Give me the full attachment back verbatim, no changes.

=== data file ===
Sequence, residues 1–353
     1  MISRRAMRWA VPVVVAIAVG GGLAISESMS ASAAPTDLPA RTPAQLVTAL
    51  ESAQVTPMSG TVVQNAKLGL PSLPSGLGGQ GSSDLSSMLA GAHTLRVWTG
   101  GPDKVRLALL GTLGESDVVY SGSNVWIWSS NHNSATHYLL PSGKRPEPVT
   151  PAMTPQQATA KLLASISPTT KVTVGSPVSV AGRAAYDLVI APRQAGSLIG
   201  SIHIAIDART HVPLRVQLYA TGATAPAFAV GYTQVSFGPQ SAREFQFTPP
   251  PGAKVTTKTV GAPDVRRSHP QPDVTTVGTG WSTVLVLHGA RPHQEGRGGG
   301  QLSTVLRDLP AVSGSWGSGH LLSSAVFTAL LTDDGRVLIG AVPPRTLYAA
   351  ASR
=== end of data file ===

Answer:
Sequence, residues 1–353
     1  MISRRAMRWA VPVVVAIAVG GGLAISESMS ASAAPTDLPA RTPAQLVTAL
    51  ESAQVTPMSG TVVQNAKLGL PSLPSGLGGQ GSSDLSSMLA GAHTLRVWTG
   101  GPDKVRLALL GTLGESDVVY SGSNVWIWSS NHNSATHYLL PSGKRPEPVT
   151  PAMTPQQATA KLLASISPTT KVTVGSPVSV AGRAAYDLVI APRQAGSLIG
   201  SIHIAIDART HVPLRVQLYA TGATAPAFAV GYTQVSFGPQ SAREFQFTPP
   251  PGAKVTTKTV GAPDVRRSHP QPDVTTVGTG WSTVLVLHGA RPHQEGRGGG
   301  QLSTVLRDLP AVSGSWGSGH LLSSAVFTAL LTDDGRVLIG AVPPRTLYAA
   351  ASR